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Transactions are dropping, but the median cost of homes in Montreal is increasing

March, 2011

The 2011 real estate market is expected to slow down. Sales transaction numbers are expected to be more like that of 2008 and not be like the amazing year we had in 2010.

In January 2011, compared with 2010, the number of sales transaction in the greater Montreal area dropped by 10 per cent; specifically single family homes (down 11 per cent), condos (down eight per cent) and plexes (down nine per cent). Despite the reduction in sale numbers, the median price of plexes and homes in Montreal increased by seven per cent each, while condos rose only four per cent. However, compared with other areas in Canada, Montreal is still a very affordable city to live in. Just look at Calgary: The median price of a single family home there is 55 per cent higher than that of Montreal ($252,000).

Concomitant with the changes in sales, new government regulations, commencing in March 2011, are expected to have an effect on the real estate market in Canada. These changes are directed at safeguarding the Canadian economy by slowing down the rapidly growing real estate market and reducing the growing level of household debt.

These changes include: 1) the shortening of the amortization period from a maximum of 35 years to 30 years; 2) the refinancing of homes at 90 per cent was reduced to 85 per cent; and 3) lines of credit secured by homes will no longer by backed by Canada Mortgage and Housing Corporation. The first two changes will be implemented on March 18, while the last change will begin April 18.

Those most affected by these changes will be first-time home buyers. Approximately 30 per cent of these buyers in Canada use the maximum amortization period of 35 years to qualify for a mortgage. In Quebec, a smaller percentage of these buyers use the maximum amortization period, so it may not affect this province as much as the rest of Canada.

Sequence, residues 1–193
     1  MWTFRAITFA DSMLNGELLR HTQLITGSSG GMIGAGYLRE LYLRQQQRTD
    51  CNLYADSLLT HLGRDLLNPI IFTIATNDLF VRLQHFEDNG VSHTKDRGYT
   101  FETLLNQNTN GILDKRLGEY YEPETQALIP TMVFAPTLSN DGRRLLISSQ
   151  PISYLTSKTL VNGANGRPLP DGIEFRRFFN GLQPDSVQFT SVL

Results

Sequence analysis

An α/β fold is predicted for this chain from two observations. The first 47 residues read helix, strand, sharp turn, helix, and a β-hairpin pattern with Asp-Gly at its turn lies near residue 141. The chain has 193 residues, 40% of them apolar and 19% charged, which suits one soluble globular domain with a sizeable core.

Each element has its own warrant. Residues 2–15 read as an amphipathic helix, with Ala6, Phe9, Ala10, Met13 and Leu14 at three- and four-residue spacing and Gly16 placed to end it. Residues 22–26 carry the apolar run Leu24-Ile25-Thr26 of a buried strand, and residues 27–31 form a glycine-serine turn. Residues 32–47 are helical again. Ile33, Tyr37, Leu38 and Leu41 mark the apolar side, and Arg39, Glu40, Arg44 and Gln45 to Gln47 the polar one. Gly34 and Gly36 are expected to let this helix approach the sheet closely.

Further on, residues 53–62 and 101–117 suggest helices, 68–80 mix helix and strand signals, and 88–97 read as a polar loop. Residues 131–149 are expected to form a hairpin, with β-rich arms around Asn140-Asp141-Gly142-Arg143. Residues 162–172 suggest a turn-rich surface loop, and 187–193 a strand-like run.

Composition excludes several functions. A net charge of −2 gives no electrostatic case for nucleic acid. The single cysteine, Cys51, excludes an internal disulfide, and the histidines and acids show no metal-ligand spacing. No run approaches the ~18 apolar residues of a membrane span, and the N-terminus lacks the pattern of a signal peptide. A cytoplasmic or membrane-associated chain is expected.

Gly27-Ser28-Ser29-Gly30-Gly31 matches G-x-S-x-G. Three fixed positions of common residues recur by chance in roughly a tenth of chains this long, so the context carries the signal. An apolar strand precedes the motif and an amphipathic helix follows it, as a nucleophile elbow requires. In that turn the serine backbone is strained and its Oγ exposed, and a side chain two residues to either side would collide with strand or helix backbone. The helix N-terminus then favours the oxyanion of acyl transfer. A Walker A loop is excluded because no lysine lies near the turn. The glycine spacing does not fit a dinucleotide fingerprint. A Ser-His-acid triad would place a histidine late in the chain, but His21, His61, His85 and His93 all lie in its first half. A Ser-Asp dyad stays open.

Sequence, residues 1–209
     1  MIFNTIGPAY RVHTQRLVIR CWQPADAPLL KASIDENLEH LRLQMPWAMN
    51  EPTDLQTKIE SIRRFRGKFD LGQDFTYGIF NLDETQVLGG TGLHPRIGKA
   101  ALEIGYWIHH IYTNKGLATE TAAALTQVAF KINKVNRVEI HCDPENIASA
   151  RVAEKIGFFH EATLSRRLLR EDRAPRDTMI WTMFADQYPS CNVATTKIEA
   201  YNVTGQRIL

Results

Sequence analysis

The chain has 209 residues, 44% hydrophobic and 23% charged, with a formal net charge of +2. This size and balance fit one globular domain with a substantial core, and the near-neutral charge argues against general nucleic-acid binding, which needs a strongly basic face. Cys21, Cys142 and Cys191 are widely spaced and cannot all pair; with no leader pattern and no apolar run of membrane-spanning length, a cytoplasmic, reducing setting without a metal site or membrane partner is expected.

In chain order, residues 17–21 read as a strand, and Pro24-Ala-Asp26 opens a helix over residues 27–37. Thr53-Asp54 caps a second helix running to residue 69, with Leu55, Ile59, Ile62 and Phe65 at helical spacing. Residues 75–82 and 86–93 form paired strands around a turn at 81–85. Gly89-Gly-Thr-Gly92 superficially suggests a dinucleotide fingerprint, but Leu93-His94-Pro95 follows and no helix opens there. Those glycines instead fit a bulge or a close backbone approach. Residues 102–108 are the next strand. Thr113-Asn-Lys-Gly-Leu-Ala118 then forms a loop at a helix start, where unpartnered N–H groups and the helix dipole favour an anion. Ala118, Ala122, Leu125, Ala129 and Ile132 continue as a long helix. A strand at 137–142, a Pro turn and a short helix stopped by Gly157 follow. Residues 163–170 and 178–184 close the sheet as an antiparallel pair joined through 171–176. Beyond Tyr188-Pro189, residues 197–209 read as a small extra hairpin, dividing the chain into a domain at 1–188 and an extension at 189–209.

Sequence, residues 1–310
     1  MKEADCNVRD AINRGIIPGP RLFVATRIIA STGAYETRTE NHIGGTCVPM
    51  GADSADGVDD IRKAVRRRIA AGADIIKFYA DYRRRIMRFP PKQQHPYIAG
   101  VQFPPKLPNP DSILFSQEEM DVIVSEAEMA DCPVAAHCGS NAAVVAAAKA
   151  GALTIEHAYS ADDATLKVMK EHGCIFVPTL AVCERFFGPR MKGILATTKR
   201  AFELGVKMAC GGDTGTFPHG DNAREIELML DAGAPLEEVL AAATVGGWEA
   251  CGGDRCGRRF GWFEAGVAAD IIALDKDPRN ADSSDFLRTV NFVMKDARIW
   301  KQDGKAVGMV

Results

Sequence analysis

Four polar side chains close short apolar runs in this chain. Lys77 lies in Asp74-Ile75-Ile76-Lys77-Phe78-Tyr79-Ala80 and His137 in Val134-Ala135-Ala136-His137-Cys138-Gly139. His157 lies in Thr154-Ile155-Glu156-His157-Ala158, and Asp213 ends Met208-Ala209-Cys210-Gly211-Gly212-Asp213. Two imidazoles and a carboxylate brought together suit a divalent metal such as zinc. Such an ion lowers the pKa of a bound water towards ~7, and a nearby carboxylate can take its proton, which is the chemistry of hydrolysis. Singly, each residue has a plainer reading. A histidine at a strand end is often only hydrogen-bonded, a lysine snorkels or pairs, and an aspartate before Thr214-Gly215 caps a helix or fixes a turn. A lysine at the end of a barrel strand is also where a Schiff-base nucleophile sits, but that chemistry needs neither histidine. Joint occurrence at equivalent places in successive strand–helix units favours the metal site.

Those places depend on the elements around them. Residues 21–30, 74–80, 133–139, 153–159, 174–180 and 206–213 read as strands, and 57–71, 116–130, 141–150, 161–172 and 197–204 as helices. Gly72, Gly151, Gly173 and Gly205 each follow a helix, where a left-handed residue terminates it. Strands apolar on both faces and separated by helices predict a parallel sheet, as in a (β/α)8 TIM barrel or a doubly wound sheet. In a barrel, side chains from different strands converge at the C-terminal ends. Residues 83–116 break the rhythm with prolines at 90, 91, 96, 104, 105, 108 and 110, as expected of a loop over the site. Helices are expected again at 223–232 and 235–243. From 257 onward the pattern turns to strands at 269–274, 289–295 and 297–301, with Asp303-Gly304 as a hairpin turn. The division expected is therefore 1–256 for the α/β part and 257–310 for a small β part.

Furthermore, interest rates are expected to increase, also making it more difficult for about 10 per cent of households. However, the remaining households appear to be able to absorb an interest rate increase. Rates are expected to increase between 0.75 per cent and one per cent by the end of 2011. Existing mortgage holders or second-time homebuyers will be less affected and not every household in Canada will be reapplying for a new mortgage in 2011.

Taking into consideration that sales decreased by 10 per cent in the first month of 2011 vs. 2010 but inventory has increased by 13 per cent, it is not surprising to see signs of the market slowing down this year. It is when inventory is low that prices tend to soar with demand. Also, the anticipation of interest rate increases coupled with new government regulations to mortgages caused a surge in buyer activity prior to April 19, 2010. So the overall market in Canada is expected to soften slightly in 2011 but still favour the seller. Average sale prices in 2011 are expected to increase by about four per cent compared with 2010 but the market is expected to be more balanced.



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